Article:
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‘Businesses are dying’ — Peter Obi asks FG to stop customs FX rate increases

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Peter Obi, presidential candidate of the Labour Party (LP) in the 2023 elections, has asked the federal government to end the inconsistency in customs duty charges, saying it is affecting businesses in the country.

Since the year began, the Nigerian Customs Service (NCS) has been upwardly adjusting its foreign exchange (FX) rate for duties.

In February alone, the agency has increased the rate six times, reflecting the volatility in the broader FX market.

Obi, in a statement posted X on Wednesday, asked the government to stop the arbitrary and ever-increasing customs duties.

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The politician said the situation is now negatively impacting businesses and the cost of items, warning that it “portends a huge danger to the economy”.

He said such arbitrary charges would lead to further closure of businesses and attendant job losses.

Obi said if the situation is not corrected, importers may resort to using ports of nearby countries — “a situation that will leave our ports under-productive, and further deepen our economy into a worse situation as a result of loss of revenue”.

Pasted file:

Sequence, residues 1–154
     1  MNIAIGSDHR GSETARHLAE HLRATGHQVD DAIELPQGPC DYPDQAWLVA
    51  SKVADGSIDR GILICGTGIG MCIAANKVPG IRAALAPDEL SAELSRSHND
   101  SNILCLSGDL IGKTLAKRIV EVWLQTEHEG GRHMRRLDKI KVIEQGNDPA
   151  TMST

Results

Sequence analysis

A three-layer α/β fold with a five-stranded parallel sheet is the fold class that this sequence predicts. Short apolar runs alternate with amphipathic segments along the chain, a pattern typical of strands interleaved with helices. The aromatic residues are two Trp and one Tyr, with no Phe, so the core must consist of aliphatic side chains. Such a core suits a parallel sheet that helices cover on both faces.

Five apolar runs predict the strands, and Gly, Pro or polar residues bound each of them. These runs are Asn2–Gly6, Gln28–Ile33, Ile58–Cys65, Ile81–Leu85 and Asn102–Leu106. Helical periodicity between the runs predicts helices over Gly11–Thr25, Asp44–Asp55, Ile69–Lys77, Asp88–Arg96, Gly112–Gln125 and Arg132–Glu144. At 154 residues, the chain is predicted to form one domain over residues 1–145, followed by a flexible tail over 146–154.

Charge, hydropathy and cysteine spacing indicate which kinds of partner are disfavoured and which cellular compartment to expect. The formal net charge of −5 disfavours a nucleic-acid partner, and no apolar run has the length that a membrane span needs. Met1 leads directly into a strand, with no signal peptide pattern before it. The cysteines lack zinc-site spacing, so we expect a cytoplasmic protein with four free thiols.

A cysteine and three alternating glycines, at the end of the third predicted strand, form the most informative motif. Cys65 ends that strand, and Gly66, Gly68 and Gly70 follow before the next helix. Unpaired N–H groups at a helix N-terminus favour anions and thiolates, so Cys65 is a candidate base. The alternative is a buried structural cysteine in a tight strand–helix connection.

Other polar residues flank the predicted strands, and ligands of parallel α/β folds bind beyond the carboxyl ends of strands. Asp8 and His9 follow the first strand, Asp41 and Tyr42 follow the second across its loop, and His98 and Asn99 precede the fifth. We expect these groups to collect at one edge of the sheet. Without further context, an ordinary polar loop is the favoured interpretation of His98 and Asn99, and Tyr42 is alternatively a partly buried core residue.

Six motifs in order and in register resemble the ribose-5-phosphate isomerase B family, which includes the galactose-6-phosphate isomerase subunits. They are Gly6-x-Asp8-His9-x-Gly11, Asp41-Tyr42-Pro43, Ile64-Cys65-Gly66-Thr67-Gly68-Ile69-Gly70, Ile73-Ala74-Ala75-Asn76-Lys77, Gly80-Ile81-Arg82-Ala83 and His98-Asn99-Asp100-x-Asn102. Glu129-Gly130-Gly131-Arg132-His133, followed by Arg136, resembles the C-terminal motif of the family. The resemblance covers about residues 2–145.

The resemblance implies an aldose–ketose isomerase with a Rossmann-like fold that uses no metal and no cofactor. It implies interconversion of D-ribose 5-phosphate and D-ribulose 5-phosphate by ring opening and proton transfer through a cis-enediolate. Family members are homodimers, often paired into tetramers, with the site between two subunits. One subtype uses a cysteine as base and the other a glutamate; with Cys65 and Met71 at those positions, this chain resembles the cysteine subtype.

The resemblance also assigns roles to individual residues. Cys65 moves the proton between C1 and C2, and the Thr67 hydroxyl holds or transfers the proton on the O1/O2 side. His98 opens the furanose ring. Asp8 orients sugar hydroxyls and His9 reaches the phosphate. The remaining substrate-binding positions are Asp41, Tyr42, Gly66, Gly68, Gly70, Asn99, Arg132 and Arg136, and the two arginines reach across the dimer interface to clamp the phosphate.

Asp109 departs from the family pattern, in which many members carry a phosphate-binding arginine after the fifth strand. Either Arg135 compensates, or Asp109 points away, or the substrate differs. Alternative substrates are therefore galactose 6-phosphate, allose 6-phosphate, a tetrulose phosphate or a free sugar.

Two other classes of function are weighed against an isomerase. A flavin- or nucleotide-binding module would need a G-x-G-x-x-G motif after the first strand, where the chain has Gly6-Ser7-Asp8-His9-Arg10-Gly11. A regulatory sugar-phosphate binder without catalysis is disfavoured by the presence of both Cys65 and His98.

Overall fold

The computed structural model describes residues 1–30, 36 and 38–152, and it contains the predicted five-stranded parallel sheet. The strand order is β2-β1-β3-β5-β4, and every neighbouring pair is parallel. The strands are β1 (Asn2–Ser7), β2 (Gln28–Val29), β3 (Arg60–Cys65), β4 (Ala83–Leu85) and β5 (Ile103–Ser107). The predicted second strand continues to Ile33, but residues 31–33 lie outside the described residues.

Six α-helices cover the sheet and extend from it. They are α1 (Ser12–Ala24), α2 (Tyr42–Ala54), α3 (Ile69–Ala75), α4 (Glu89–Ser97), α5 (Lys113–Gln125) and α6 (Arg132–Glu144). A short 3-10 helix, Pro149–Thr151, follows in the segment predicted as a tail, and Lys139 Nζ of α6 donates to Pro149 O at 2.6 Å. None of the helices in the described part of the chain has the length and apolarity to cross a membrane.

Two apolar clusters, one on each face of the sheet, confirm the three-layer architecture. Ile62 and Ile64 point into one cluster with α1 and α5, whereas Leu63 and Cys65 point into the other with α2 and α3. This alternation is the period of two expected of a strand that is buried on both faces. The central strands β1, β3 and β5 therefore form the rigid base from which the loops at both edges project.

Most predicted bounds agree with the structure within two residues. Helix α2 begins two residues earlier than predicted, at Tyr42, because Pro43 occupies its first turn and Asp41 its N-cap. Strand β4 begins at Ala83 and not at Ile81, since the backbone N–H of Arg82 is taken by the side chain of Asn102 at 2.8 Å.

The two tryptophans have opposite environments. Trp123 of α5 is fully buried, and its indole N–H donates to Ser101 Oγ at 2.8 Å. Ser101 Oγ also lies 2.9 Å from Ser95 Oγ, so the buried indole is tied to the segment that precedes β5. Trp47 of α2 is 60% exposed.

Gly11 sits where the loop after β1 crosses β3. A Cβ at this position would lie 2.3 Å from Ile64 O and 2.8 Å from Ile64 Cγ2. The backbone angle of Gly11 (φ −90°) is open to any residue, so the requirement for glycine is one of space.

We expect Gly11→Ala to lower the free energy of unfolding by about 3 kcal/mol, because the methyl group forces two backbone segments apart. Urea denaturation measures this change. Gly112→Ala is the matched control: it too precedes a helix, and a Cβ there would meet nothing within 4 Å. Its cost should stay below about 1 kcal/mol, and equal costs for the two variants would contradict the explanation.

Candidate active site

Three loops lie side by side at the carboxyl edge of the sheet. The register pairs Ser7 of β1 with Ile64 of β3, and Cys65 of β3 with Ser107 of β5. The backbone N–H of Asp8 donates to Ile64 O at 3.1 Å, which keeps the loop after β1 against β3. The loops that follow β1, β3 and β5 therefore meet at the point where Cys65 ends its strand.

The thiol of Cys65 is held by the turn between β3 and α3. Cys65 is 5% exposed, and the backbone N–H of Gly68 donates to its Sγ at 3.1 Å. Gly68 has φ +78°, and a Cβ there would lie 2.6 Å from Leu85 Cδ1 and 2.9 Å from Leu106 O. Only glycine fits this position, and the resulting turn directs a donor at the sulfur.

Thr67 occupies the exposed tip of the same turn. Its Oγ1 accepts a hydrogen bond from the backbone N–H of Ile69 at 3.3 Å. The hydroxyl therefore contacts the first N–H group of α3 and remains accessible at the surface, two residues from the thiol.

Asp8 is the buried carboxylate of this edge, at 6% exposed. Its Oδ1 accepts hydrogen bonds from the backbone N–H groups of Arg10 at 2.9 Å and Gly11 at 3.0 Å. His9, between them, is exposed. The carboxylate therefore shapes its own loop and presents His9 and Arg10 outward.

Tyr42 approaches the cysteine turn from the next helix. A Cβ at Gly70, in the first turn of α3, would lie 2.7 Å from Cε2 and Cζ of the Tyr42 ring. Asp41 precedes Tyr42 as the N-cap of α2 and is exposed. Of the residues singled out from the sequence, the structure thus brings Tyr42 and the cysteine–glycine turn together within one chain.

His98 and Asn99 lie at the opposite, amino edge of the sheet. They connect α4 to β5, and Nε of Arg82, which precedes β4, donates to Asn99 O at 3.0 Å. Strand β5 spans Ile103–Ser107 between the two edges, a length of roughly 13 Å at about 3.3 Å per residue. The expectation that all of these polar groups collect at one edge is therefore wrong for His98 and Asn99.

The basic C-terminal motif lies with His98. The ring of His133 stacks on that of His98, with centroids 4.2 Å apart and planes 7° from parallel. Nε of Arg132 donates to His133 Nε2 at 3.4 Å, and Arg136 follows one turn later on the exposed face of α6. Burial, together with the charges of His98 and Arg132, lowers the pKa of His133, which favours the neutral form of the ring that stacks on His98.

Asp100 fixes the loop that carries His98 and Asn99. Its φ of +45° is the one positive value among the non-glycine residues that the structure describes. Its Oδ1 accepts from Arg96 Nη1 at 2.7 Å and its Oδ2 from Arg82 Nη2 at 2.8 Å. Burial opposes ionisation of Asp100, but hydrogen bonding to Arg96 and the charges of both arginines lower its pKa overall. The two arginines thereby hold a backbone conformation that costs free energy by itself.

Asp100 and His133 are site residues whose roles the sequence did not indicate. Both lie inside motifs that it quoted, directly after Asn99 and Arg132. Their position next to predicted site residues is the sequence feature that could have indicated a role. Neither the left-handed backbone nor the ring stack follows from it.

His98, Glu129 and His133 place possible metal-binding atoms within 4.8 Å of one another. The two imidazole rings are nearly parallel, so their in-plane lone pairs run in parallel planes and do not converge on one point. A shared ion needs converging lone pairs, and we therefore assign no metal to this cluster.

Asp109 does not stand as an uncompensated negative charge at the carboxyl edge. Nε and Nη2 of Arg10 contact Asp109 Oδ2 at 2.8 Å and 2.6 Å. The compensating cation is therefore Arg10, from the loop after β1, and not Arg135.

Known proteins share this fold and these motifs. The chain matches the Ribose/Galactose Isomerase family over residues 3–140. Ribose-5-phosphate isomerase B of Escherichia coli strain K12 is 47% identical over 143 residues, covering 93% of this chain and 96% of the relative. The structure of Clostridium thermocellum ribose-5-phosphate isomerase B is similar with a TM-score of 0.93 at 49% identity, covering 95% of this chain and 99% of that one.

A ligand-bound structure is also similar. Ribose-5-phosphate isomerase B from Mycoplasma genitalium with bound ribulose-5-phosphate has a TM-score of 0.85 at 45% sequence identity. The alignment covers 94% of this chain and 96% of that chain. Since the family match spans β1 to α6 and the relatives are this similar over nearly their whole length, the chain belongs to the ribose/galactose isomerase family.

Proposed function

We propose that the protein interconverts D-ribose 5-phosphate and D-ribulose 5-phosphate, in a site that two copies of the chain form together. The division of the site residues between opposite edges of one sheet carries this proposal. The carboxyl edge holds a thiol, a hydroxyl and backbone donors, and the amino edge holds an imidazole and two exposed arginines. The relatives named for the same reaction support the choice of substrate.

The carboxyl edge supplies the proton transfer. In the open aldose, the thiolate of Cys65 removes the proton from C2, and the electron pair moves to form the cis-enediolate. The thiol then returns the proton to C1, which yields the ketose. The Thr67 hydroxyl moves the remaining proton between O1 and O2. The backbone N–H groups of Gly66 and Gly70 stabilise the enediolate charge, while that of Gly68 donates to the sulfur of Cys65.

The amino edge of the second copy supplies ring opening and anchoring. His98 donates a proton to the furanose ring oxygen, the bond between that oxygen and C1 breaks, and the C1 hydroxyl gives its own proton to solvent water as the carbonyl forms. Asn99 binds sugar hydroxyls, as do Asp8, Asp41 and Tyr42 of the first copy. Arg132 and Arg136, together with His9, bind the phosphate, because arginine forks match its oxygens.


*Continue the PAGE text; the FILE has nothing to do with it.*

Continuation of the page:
“A situation where at the point of initiating importation, Form M and other documents related to importation are based on a particular rate of exchange, for example, N1000 to $1, being the prevailing exchange rate at the time which the importer of goods was used to calculate the entire process, from the import initiation to receipt of goods in his warehouse,” he said.

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“Then suddenly when the goods arrive in Nigeria, and duties are calculated at different rates, say N1400 to $1, it becomes a serious business challenge that results in business losses. Worse still, it directly fuels the inflationary spike which is the basis of increasing cost of goods and living.”

Obi called on the government to show consistency in its policies, stating that it would help with economic forecasting and business planning.

“Businesses are dying and manufacturers are shutting down because of the poor and inconsistent economic policies of the government, he said.

“We cannot afford to target high customs revenues at the expense of the survival of local businesses, employment and reasonable cost of living.”

Obi, advised the government to support businesses, especially those in the manufacturing sector, to keep them afloat and sustain economic growth, stressing that the “small business sector remains the most critical engine of economic growth”.

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On February 16, 2024, BUA Foods, Nigeria’s giant consumer goods producer, said the incessant adjustments in the import duty FX rate are affecting its operations, particularly in the importation of raw materials.

The food producer said the increases are making planning  difficult



Source link: Nigerianeye

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